THEORIES over the identity of one of Britain's most infamous serial killers have ranged from a barber to a prince.
But now a historian has come up with the name of the man he believes was the chilling killer Jack The Ripper.
Author Mei Trow claims Robert Mann, a Whitechapel morgue attendant, was the mass murderer who brought terror to the streets of London in 1888.
Using modern police forensic techniques, including psychological and geographical profiling, Mr Trow also claims the Ripper killed another two women. Martha Tabram, found with 39 stab wounds, was the first of Jack's victims, he claims, and Alice Mackenzie, brutally murdered eight months after the confirmed five killings, was his last.
Mr Trow started his investigations in 1988 when an FBI examination of the Ripper case drew up a comprehensive criminal personality profile which claims the killer was a white male from the lower social classes – probably from a broken home – with a menial job such as a butcher, mortuary or medical examiner's assistant, or hospital attendant, who because of prolonged periods without human interaction was socially inept.
After two years of research, Mr Trow decided Mann fitted this profile perfectly.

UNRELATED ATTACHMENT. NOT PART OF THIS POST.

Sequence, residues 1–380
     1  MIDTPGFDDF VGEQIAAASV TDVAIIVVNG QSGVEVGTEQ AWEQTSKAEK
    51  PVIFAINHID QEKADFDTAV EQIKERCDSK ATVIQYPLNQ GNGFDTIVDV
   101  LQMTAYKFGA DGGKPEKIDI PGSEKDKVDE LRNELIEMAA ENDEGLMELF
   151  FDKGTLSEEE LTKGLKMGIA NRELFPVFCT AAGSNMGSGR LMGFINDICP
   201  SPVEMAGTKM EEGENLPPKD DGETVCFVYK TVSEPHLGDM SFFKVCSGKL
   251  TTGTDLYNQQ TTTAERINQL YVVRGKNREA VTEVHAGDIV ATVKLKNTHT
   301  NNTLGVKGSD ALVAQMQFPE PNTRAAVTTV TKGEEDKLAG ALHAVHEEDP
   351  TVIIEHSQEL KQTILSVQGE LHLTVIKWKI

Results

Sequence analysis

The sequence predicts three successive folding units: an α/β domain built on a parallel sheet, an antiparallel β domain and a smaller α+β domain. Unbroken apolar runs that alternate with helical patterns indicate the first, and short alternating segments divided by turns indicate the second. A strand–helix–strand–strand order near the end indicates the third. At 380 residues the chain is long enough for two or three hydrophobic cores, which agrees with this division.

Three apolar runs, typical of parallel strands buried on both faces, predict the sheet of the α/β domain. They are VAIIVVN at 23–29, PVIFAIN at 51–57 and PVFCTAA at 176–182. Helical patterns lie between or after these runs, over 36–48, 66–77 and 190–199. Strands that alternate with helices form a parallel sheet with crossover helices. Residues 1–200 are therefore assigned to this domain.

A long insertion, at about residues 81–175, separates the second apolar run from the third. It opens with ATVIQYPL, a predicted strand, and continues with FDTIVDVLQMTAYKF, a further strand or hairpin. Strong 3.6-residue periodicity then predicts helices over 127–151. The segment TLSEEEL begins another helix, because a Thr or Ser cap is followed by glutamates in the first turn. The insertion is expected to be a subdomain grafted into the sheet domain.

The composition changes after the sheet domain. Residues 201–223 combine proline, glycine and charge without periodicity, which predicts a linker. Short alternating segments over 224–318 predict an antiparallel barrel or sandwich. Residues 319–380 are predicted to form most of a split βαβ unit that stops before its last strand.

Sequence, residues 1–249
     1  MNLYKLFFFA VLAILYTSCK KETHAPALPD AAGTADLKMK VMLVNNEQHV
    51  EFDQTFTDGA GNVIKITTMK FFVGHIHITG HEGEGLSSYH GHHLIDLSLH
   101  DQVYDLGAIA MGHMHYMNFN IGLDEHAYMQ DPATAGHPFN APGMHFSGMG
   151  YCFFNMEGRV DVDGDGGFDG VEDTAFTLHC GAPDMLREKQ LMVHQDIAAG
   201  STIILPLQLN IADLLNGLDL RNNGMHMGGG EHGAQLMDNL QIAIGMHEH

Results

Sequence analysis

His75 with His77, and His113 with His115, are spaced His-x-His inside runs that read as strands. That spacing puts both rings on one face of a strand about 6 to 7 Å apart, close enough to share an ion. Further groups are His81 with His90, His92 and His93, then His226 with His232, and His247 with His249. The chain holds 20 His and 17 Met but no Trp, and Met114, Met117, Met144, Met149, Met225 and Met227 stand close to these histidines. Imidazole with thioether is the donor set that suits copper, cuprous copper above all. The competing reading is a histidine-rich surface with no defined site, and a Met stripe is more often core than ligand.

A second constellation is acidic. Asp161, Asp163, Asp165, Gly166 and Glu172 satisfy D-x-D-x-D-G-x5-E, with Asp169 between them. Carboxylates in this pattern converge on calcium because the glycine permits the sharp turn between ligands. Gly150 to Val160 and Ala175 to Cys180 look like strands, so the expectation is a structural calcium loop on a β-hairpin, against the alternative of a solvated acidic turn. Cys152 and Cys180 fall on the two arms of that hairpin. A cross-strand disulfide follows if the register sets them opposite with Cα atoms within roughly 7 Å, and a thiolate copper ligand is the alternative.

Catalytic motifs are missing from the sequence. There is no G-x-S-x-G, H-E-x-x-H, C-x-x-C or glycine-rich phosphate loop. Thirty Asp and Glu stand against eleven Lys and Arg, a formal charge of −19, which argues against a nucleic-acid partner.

After the Ripper's first victim, Polly Nichols, was killed, Mann unlocked the mortuary for the police so they could examine the body and was subsequently called as a witness.
Most damning of all, he undressed the victim with his assistant, despite being under strict instructions from police to not touch the body, and Mr Trow suspects that this was an opportunity to admire his handiwork.
The coroner in his summation of Mann's testimony concluded that: "It appears the mortuary-keeper is subject to fits, and neither his memory nor statements are reliable."
The author believes it was his unreliability that may have allowed him to drop off the police's radar.
Mann, who lived in the impoverished Whitechapel area, was from an extremely deprived background. He was an inmate in the workhouse, where the lowest strata of society were sent.
Professor Laurence Alison, forensic psychologist at Liverpool University, said: "In terms of psychological profiling, Robert Mann is the one of the most credible suspects from recent years and the closest we may get to a plausible psychological explanation for these most infamous of Victorian murders."
Mr Trow's theory is being explored in a documentary called Jack The Ripper: Killer Revealed on the Discovery Channel on Sunday, as well as in his new book Jack the Ripper: Quest for a Killer.
IN THE FRAME
THE most high profile name suggested as being Jack The Ripper was Prince Albert Victor.
However, the most plausible suspects include Aaron Kosminski, a poor Polish Jew resident in Whitechapel, Montague John Druitt, a barrister and school teacher who committed suicide in December 1888 and Michael Ostrog, a Russian-born multi-pseudonymous thief and trickster, believed to be 55 years old in 1888, and detained in various asylums.